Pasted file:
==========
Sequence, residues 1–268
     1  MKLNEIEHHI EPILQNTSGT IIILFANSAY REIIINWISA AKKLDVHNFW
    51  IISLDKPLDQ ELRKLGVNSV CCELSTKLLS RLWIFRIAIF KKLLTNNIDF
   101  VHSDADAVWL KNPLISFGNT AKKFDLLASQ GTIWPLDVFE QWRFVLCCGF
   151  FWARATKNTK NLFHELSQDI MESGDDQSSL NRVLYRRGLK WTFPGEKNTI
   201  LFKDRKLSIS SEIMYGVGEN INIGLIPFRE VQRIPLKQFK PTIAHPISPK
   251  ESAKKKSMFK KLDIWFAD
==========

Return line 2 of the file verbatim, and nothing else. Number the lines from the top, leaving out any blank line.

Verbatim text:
     1  MKLNEIEHHI EPILQNTSGT IIILFANSAY REIIINWISA AKKLDVHNFW